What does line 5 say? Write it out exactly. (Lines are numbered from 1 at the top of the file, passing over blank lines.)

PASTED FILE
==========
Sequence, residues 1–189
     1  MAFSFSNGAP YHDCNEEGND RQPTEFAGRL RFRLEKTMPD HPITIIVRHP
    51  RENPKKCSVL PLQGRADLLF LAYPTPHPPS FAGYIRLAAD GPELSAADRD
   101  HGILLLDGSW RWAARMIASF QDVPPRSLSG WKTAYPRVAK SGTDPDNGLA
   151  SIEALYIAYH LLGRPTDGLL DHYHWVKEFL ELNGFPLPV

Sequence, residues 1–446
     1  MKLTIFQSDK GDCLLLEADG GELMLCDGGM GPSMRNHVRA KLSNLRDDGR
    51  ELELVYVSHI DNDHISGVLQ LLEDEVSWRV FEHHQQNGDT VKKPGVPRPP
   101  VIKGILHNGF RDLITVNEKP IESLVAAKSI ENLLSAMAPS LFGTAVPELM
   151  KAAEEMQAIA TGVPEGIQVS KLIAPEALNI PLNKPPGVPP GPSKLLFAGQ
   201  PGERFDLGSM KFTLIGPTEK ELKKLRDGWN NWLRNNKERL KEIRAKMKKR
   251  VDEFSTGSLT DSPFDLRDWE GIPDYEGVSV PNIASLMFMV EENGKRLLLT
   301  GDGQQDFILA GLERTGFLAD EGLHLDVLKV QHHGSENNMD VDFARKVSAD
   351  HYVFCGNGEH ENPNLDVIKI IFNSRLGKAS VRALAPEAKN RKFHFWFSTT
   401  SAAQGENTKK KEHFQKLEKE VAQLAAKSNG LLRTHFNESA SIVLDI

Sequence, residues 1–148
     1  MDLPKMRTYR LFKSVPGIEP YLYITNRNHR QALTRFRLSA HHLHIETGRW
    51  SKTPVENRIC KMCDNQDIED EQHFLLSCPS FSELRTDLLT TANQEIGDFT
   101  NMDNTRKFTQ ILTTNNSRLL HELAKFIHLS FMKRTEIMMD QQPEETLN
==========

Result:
   151  SIEALYIAYH LLGRPTDGLL DHYHWVKEFL ELNGFPLPV